Rude Boys know better. They are not here to console but to shatter, not to comfort but to demolish. They are uncompromising, brutal, laser-like. They are in your face until you recognize your Original Face—and they simply will not back off, they will not back down, they will not let up until you let go—radically, fully, completely, unhesitatingly. They live as Compassion—real compassion, not idiot compassion—and real compassion uses a sword more often than a sweet. They deeply offend the ego (and the greater the offense, the bigger the ego). They are alive as Truth, they are everywhere confronted with egos, and they choose the former uncompromisingly.

Fritz Perls, the founder of Gestalt Therapy, used to say that nobody comes to a therapist to get better (although they always say they do); they really come to perfect their neurosis. Just so, nobody comes to a spiritual teacher to get Enlightenment (although everybody claims they do); rather, they come to a spiritual teacher to learn more subtle and sophisticated egoic games—in this case, the game of "Look at me being really spiritual."

After all, what is it in you that brings you to a spiritual teacher in the first place? It's not the Spirit in you, since that is already enlightened and has no need to seek. No, it is the ego in you that brings you to a teacher: you want to see yourself in the presence of the spiritual game, you want to meet yourself tomorrow as a realized being—in plain language, you want your ego to continue into a spiritual paradise.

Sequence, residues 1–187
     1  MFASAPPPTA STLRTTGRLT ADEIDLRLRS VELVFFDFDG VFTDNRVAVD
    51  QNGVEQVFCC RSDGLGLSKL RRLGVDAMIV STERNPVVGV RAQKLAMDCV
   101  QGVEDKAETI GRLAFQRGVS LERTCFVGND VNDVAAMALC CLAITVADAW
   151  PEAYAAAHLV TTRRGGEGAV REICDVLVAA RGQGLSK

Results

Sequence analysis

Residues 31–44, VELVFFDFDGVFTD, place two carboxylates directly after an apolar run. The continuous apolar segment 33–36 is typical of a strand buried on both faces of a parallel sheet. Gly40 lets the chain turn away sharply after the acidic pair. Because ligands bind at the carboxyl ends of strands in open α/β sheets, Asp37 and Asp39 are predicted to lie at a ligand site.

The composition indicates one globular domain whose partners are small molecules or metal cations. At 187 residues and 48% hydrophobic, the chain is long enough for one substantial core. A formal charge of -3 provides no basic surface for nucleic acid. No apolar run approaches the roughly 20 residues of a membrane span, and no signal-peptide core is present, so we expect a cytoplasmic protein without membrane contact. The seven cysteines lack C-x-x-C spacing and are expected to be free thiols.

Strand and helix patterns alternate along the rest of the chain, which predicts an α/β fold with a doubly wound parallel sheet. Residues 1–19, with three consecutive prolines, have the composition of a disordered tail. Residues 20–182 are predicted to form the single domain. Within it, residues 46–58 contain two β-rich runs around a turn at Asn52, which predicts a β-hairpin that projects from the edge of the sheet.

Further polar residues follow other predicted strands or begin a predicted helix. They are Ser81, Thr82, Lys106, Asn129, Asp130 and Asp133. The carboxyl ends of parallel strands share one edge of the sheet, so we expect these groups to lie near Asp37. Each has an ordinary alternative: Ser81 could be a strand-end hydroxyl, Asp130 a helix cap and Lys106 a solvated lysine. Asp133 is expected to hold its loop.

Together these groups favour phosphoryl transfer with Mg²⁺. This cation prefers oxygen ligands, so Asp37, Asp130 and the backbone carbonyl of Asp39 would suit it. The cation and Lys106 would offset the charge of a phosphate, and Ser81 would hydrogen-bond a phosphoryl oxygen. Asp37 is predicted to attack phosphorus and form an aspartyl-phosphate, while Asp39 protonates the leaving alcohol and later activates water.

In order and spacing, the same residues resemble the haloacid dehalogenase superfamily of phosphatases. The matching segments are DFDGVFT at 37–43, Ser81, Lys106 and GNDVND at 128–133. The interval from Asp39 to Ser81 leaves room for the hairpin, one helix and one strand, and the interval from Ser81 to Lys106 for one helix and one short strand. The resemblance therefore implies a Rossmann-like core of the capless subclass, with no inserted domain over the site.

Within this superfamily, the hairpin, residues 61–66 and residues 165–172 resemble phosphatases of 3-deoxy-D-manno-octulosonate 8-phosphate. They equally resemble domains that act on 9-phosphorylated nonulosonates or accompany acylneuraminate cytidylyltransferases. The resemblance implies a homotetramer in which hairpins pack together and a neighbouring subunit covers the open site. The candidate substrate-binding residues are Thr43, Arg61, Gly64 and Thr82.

And what's a poor teacher to do, confronted with such egoic cunning? Everybody who comes to a spiritual teacher comes egoically motivated. And teachers have two choices in the face of this onslaught of the separate selves, this conference of the self-contractions: they can play to the audience, or they can blow the entire building up.

Andrew Cohen is a Rude Boy. He is not here to offer comfort; he is here to tear you into approximately a thousand pieces...so that Infinity can reassemble you, Freedom can replace imprisonment, Fullness can outshine fear. And that simply will not happen if all you want is consolation, soothing prayers, ruffle-free platitudes, "It will all be okay." Well, it will not be okay if you want Enlightenment. It will, in fact, be hell, and only Rude Boys are rude enough to tell you that, and to show you that—if you can stand the rudeness, stay in the fire, burn clean as Infinity and radiate as the stars."

3 Comments:

At 11:13 AM, Blogger shyloh said...

Hello Brian,
Humm you also have a nice blog here. Not sure which blog you ran across of mine. I have shyloh's poetry and shyloh's silent moments..

Thank you for stopping by. Hope we can visit each other. May I give you a link back.

 
At 11:25 AM, Anonymous Anonymous said...

Hello Brian,

This are nice thoughts -- I agree with this. Wilber's vision of spirituality fits exactly to what people do in extreme sports.

Tatjana

 
At 11:17 PM, Blogger Genryu said...

Good to see this again. Though I'm not sure I'd characterise it as 'nice' and I tend to take Ken and Andrew Cohen with a pinch of salt in some areas. But all the same, thanks.

 

Post a Comment

<< Home